Should I be worried about the cyanide in apple seeds?
January 25, 2014 12:09 PM   Subscribe

I eat a lot of apples--perhaps 2 or 3 a day on many days. Recently I've been eating the whole apple, aside from the stem. Is this a bad idea? I have done a little research about this, and it seems like it's okay, but I just wanted to make sure. I know, from experience, that eating the apple seeds from a couple apples in one day isn't going to kill me dead right away, but is there a significant risk of build-up over time?
posted by overglow to Food & Drink (9 answers total) 3 users marked this as a favorite
No one appears to have found out how many apple seeds it takes to kill someone, or an animal, so it would seem to require more seeds than anyone would ever accidentally eat.

If you want to be extra safe, don't chew them and you will not be exposed to the inside of the pip where the actual toxins reside.
posted by Lyn Never at 12:20 PM on January 25, 2014

This got discussed before I bought a Vitamix and asked about it here. I don't think you have much to worry about.
posted by supercres at 12:20 PM on January 25, 2014

The seeds of apple, cherry, peach, apricot, plum, jetberry bush, and toyon contain cyanognetic glycosides such as amygdalin that release cyanide on digestion. The fatal dose of these seeds varies from 5 to 25 seeds for a small child. They are only dangerous if the seed capsule is broken.

--From Handbook of Poisoning - a Lange medical book, which I bought many years ago because I was using sprays for fruit trees, and wanted to know their relative toxicity. It also has detailed information on poisonous plants and animals, household chemicals, pharmaceutical drugs, etc. Soon afterwards I became an organic gardener. Apricot kernels are sold in some health food stores and Asian markets. I think people are crazy to consume them.
posted by weapons-grade pandemonium at 12:35 PM on January 25, 2014 [1 favorite]

IANAPharmacokineticist, but according to this CDC document (pdf), the plasma half-life of cyanide is 20 min - 1 hour, meaning if you wait four hours, you probably have at most 6% of the maximum concentration of cyanide in your blood. Given that one set of apple seeds hasn't killed you, it seems reasonable to assume that if you space the apple seeds out by four hours, there's no chance of multiple apples killing you (of course I think you are probably far from a dangerous dose in the first place).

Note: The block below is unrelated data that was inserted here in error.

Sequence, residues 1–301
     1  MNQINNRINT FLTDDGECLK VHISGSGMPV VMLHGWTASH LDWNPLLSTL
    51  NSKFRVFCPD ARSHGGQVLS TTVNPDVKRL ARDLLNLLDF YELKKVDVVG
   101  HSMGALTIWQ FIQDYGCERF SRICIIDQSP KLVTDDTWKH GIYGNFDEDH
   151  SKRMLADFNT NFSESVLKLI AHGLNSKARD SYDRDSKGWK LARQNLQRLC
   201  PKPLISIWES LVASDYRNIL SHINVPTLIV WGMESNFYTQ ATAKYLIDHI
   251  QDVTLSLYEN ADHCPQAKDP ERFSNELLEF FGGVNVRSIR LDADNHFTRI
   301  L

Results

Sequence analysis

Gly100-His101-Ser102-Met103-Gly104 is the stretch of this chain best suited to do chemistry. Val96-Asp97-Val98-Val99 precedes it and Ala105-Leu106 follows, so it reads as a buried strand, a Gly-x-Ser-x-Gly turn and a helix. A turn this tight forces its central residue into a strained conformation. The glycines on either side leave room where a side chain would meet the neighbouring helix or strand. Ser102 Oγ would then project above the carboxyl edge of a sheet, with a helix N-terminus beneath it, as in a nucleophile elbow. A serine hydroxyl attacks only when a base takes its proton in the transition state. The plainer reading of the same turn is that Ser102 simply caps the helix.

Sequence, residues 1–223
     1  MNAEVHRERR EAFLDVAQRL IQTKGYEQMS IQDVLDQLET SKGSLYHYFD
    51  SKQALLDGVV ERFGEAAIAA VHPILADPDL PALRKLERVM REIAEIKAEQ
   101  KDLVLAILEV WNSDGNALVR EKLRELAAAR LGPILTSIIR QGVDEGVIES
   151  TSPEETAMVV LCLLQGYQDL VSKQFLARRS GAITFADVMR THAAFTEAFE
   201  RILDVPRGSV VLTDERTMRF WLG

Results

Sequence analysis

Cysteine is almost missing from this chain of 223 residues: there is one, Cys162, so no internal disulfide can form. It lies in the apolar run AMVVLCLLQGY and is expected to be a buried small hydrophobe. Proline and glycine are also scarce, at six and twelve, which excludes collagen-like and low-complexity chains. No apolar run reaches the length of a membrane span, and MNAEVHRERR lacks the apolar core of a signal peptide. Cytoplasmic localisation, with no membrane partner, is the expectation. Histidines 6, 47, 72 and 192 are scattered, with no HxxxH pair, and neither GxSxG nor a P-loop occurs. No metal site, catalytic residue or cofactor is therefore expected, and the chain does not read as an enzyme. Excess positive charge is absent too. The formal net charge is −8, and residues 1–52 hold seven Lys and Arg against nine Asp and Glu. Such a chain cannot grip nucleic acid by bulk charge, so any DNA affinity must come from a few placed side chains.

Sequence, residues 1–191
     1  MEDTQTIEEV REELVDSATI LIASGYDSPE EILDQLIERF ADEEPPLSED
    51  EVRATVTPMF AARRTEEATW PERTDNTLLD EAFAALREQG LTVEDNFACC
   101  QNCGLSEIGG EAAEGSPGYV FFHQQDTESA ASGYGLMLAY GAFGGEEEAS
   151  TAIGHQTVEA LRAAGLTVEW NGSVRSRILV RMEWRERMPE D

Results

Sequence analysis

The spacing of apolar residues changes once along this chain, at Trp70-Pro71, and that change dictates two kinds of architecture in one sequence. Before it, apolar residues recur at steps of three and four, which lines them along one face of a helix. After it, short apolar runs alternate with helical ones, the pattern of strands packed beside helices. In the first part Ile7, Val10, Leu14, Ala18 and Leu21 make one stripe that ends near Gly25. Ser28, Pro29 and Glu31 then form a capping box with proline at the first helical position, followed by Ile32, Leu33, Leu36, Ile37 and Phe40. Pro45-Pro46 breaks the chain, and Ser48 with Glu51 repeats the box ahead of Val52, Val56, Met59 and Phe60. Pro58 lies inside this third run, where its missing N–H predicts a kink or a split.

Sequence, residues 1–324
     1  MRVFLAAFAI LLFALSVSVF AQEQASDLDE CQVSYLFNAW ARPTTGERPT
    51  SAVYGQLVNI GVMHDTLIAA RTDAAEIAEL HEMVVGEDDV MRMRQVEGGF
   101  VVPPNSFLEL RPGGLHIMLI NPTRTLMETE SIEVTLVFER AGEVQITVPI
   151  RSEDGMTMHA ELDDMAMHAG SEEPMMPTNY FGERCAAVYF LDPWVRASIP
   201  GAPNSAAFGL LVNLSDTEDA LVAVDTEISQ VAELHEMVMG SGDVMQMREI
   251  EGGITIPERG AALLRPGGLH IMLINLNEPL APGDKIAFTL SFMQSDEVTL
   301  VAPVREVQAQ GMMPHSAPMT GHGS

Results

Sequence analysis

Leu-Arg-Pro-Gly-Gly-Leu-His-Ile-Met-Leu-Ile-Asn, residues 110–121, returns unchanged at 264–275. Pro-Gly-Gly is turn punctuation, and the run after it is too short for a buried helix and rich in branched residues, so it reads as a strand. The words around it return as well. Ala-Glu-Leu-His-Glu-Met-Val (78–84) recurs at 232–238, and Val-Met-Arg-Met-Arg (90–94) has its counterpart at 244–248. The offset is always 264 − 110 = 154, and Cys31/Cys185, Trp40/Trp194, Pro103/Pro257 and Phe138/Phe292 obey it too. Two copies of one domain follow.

There may be other issues relating to lipid solubility of the cyanide compounds in apple seeds, or other concerns that I'm not qualified to address, though.
posted by Salvor Hardin at 12:36 PM on January 25, 2014

Anecdote: my grandfather always ate the entire apple. He had at least an apple a day, from the earliest time I can remember. They had a few apple trees on their property, so he had much more than that in the autumn. He lived into his eighties. Of course, he may have had some mutant cyanide-processing ability, or grown mutant no-cyanide apples, so this is not medical advice, etc.
posted by tllaya at 2:24 PM on January 25, 2014 [1 favorite]

If eating apple seeds were particular dangerous we would all be dead by now.

weapons-grade pandemonium's quote is lumping apple seeds in with, say, apricot pits. Now consider the size and density of an apricot or plum pit when compared to an apple seed. Yeah.

And like Salvor Hardin says, the plasma half-life of the compounds in question is very short. They do not build up over time.
posted by Justinian at 4:49 PM on January 25, 2014 [1 favorite]

Oh, fwiw you'd have to grind up and consume something on the order of 150 apple seeds in one sitting to kill yourself. Maybe more if you weigh a lot. And that's not just swallow those seeds since they don't break down in your stomach, you'd actually have to grind them up first.
posted by Justinian at 4:55 PM on January 25, 2014

(note: there are only a few seeds per apple, so we're talking dozens of apples worth of seeds here)
posted by Justinian at 4:56 PM on January 25, 2014

Anecdote: I've been eating apple cores/ seeds for 25+ years with no ill effects I've seen. ...nor have I developed an immunity to cyanide, which was my original idea.
posted by RainyJay at 1:16 AM on January 26, 2014

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